Industry sector governance experts have expressed doubts as the Federal Government reveals plans to commence the rehabilitation of Port Harcourt Refinery in a bid to perform optimally and satisfy local consumption of premium motor spirit – petrol.
Adeyemi Adetunji, chief operation officer, upstream, at the Nigerian National Petroleum Corporation (NNPC), informed BusinessDay on the side-lines of the just concluded Nigeria International Petroleum Summit that the NNPC had prepared the ground for the commencement of Port Harcourt Refinery rehabilitation.
Recall, Mele Kyari, group managing director, NNPC, had given several assurances that the refineries rehabilitation had remained one of his key priorities to ensue local consumption, assuring that the refinery rehabilitation would commence the first quarter of 2020.
Industry governance experts had bared their minds on the development, noting that with the current capped price on petroleum price, no bank or would-be investor would be willing to invest money in Nigeria’s refineries.
Nigeria, with a population of about 200 million people and four refineries with installed refining capacity of 520,000bpd, is only able to refine 5 percent of installed capacity.
“No investor would put his money on a refinery when there is a subsidy regime. Banks specifically won’t finance refinery rehabilitation on a subsidy regime. Refinery businesses are a marginal business, and I wonder how the Group Managing Director of the NNPC would commence rehabilitation as promised.
“When you cap a product, investors are aware because it cannot guarantee them a profit on the product. The corporation must focus on the liberalisation of the downstream sector,” they said.
Tunji Oyebanji, chairman, Major Oil Marketers Association, told BusinessDay on the side-lines of the summit that the government needs to come clear on whether it wants to be addressing issues on oil resources as a social safety issue or purely an economic issue, which he said was impacting negatively on investment into the sector.
Emmanuel Iheanacho, a former federal cabinet minister, had also decried the Federal Government’s inability to prioritise investment in refineries despite the much talked about the expansion of the sector to global frontiers.
“We are not investing enough in refineries. Instead of waiting on OPEC to give us a quota of 2 million barrels per day, we can produce 4 million barrels per day and build refineries to refine and add value to our crude,” Iheanacho said.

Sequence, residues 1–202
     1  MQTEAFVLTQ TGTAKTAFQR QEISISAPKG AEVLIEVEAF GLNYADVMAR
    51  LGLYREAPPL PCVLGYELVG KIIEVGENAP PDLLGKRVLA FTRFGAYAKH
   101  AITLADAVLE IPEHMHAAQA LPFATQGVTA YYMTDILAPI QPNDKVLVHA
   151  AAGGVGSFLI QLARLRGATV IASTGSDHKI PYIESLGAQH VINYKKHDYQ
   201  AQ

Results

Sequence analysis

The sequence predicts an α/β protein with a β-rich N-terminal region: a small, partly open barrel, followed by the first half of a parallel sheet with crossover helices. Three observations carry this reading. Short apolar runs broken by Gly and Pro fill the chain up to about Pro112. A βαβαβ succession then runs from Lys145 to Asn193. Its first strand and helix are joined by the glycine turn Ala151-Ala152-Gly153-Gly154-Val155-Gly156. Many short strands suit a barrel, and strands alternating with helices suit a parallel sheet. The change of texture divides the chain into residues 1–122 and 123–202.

He compared the Nigeria downstream market structure and that of the United States of America, a non-member of the Organisation of Petroleum Exporting Countries (OPEC).
“The United States has a population of 327 million with a total of 139 refineries with a refining capacity of 16.7mbpd. Texas, a state in the US, has a population of 28.7 million with 47 refineries and a refining capacity of 5.7 million barrels per day. Compare these numbers with Nigeria that has a population of 200 million people with four refineries with installed refining capacity of 520,000bpd but is only able to refine 5 percent of installed capacity,” he said.
Nigeria spends over a trillion on subsidy payment, which calls for concern with sector analysts calling on the government to speed up the process of liberalisation of the downstream sector.
Austin Onuoha, an oil sector governance expert, is worried that not having a fiscal governance framework of the petroleum sector is redirecting investments to other African countries ahead of Nigeria.
“Why can’t the NNPC be enlisted in Nigeria’s stock market. This should be the target of the corporation with a better fiscal framework, which could easily get investors to invest in the refineries.
The minister of state for petroleum resources, Timipre Sylva, has also expressed concern on how Nigeria is losing huge investments in the oil and gas sector on the back of non-fiscal governance framework for the oil and gas sector, assuring that the passage of Petroleum Industry Bill would happen by the middle of the year.